Gibson Ek philosophy provides more opportunity for success

Sara Flash, Opinion Editor

Next year, one of our beloved teachers will be moving to Gibson Ek, the new Issaquah School District alternative school. While we will miss English teacher Tonja Reischl, the new school’s philosophy and collaborative environment make her excited for the year to come. Gibson Ek will give our school district a new outlook on and opportunities for a more project-based and individualistic curriculum.
Gibson Ek is meant to give students an opportunity to focus on subjects which most interest them and study those subjects through more collaborative learning instead of a general class curriculum.
A huge part of this school’s philosophy centers on project-based learning. A student will pick a subject he or she is passionate about, and through the design and execution of a student-led project, the student will pass certain checkpoints within the subject requirements. The student will also integrate secondary concepts into the projects in order to have a more overarching project that can help the student learn a wide range of subjects.
These projects will offer depth into a certain topic, instead of introductions to many different topics. The school board hopes this depth will be successful in helping students learn subjects while applying the knowledge and making connections to other topics, instead of memorizing isolated facts. The student will be able to change their topic every quarter, so the breath of topics is still offered, yet it is paired with the depth needed to fully understand a subject.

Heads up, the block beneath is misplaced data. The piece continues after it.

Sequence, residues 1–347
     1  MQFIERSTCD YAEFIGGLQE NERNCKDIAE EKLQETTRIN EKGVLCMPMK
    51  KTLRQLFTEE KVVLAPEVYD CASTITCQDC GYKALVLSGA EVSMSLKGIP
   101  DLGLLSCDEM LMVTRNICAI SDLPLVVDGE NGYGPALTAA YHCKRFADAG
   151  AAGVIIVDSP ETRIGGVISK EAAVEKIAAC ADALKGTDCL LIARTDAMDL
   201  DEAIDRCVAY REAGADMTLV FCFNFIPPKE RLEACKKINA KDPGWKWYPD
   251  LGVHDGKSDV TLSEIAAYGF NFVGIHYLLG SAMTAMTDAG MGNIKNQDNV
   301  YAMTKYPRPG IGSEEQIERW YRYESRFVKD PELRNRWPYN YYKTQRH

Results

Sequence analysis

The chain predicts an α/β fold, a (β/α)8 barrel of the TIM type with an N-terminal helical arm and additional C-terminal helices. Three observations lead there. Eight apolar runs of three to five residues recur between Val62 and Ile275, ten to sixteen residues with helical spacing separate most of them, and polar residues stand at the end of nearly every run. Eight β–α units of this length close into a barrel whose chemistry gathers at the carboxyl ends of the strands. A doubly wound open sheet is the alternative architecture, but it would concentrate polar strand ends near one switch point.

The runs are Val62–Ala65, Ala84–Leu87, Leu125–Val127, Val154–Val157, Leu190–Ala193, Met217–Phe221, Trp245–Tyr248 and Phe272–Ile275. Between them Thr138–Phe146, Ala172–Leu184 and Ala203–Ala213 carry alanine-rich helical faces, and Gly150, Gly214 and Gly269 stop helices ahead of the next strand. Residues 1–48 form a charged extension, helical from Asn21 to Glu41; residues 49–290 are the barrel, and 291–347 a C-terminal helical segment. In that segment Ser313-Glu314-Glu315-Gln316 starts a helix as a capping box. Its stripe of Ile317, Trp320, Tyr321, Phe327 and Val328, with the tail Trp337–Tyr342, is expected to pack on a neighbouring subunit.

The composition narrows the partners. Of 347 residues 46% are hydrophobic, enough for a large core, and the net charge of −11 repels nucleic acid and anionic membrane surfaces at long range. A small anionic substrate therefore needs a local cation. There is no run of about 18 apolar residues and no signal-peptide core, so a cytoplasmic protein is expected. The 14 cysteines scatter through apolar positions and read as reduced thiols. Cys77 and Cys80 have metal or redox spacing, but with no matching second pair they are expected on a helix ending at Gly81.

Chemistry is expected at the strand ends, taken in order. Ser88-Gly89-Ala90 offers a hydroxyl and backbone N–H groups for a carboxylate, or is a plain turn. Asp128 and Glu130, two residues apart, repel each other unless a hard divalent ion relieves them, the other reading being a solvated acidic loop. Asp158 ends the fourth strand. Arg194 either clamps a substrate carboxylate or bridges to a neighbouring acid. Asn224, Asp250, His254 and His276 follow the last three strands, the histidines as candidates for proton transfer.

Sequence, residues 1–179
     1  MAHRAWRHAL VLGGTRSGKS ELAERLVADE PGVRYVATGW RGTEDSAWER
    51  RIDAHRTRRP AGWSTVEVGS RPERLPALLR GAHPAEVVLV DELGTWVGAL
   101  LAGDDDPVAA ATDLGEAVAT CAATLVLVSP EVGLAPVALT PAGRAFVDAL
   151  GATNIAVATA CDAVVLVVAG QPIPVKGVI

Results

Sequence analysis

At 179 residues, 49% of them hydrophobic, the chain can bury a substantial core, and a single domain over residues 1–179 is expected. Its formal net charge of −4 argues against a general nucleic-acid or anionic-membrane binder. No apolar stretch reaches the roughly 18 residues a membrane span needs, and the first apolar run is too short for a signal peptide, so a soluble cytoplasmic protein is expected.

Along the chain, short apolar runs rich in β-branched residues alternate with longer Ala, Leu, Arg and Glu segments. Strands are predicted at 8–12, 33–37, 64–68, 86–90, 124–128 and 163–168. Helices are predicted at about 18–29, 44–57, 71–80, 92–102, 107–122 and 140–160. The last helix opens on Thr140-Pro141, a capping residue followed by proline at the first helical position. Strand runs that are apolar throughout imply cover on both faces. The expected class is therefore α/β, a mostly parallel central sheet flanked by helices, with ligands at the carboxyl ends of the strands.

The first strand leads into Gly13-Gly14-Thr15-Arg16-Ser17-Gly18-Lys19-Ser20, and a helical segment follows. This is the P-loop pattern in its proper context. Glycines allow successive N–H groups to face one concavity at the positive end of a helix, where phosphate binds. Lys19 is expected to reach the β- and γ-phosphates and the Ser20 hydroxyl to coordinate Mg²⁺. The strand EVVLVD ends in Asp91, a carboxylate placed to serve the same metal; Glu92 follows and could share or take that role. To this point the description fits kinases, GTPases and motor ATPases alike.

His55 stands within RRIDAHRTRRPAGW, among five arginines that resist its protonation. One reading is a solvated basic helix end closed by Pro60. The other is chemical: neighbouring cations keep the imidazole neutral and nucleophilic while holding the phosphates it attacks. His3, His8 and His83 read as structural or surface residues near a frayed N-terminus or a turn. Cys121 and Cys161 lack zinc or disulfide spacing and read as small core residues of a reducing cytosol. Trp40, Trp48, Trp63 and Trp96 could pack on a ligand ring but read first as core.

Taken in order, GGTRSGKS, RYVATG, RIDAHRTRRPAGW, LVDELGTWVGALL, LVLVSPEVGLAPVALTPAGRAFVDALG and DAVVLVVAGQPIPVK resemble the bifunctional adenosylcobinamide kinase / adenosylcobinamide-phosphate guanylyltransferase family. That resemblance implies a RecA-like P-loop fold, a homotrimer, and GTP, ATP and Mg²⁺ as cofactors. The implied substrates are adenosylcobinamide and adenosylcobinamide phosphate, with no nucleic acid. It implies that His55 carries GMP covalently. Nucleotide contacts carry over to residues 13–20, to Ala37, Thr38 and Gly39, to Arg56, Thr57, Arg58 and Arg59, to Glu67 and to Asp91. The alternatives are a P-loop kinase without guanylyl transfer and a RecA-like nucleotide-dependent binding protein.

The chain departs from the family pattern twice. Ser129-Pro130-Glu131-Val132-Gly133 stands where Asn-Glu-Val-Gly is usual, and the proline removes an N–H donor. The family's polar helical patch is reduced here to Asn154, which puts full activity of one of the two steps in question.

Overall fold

The second key part of this school’s future goal is the required internships that supplement the projects. At the beginning of the year, students must find an organization that can pair with the chosen project. These internships will offer students the ability to have real-world exposure with the subject they find most interesting. Not only does this prepare students for the work force after college, it also gives students another opportunity to make connections and apply their knowledge.
Many other parts to this alterative curriculum, such as how grades are based on the project’s presentations, or the mini class ‘offerings’ the advisors can provide based on changing student needs, contribute to this unique learning environment. While this system in its entirety may not work at Liberty, the philosophy of exploring topics through a more project-based setting will give students a different way of looking at basic subjects and will ultimately be a great addition to our school district next fall.